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Are Gel Nails Bad For You? How to Remove Gel Nails

Are Gel Nails Really That Bad For You?

Chip-free polish for up to a month. Those few words alone sold a nation (and the world), add nail buzz terms CND Shellac and OPI, and you have yourself a beauty trend. For those of you who've had a gel manicure or pedicure, you'll understand how hard it is to go back to normal polish. All that hard work for just a couple of perfect nail days? Hardly seems worth it now that there's a chip-free alternative that is not only affordable, but comes in a tremendous range of colours. We've read about the potential dangers of continued time under the light, but what about our actual nails? Is gel really that bad?

"Most nail enhancements such as gels, acrylics and gel polishes contain ingredients like primers and bonders which dehydrate your nail (by causing tiny cracks) so that the product bonds and fuses with the nail," says Talya Bergmann, Bio Sculpture Gel marketing and operations manager.

"With this in mind, you can imagine, or have probably experienced, what happens when these products are removed — the top layer of the nail that was bonded is removed too," she says.

If you haven't already heard of Bio Sculpture Gel, you and your gel nails are about to sail off into the sunset and live happily ever after. At its foundation, Bio Sculpture Gel is a treatment-based product. It doesn't contain any of the nail nasties Talya lists above; in fact, you can wear these hybrid gels for years and years and never do any damage. Your nails will only grow longer and stronger.

Like any trend, there are rip-offs. Cheap products and poorly skilled technicians mean gel nails get a bad rap. Talya recommends looking out for stellar hygiene practices at salons and independent certification of products that are being used. And believe it or not, she says masks, drills and crazy bad odours are generally warning signs that there are practices in place that will lead to nail damage.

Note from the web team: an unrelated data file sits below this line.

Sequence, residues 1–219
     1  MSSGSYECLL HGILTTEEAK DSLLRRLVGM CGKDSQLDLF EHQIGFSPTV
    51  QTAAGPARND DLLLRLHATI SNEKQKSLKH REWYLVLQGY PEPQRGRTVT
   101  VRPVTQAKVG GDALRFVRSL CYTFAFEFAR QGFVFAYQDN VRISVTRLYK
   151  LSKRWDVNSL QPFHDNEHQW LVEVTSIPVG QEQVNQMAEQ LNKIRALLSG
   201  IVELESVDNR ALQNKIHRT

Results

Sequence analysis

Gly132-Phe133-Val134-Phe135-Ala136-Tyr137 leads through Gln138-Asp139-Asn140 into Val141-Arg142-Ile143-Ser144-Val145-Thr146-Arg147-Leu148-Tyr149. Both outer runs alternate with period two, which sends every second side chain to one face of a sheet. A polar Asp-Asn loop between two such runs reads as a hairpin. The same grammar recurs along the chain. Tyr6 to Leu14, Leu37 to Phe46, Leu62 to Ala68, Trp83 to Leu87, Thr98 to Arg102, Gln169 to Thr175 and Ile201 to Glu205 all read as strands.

Odours. Yes, we too can relate. Ever been in the chair and can't quite stand the smell of the gel product being applied to your nails? Cue warning bells. When possible, Talya says to visit salons that use solvent-free products like Bio Sculpture Gel — which also doesn't contain chemicals like MMA, Toluene, Femaldehyde and Thylates. These are all very bad for the nails.

Now at about the two-week mark, you're going to want to start picking the gel off. At some point in the month it will start to lift and like that zit you shouldn't squeeze, you just can't help yourself. Ladies, help yourself! Peeling and picking off your gel is where a lot of the damage can be caused. You must soak your gels off or have the technician soak them off, just ensure they aren't letting acetone touch your skin. And then: oil, oil, oil. Apply cuticle oil straight after to give your nails a fighting chance.

Applying oil is an especially important step while you've got the gel on, too, because it keeps nails hydrated. Talya recommends Bio Sculpture Nail & Cuticle Conditioner, which contains tea tree and jojoba beads and acts like moisturiser for your nails. By massaging in the jojoba beads you create blood stimulation and subsequently, nail growth. Interestingly, jojoba is the only oil that can be absorbed into the nail.

Tip: Sick of your gel colour already? Paint over it with a normal nail polish. You can remove it again with non-acetone nail polish remover.

Prices for a Bio Sculpture Gel manicure start from $50. For more information and to find your nearest salon or stockist, call 1300 246 435

Image Source: Getty
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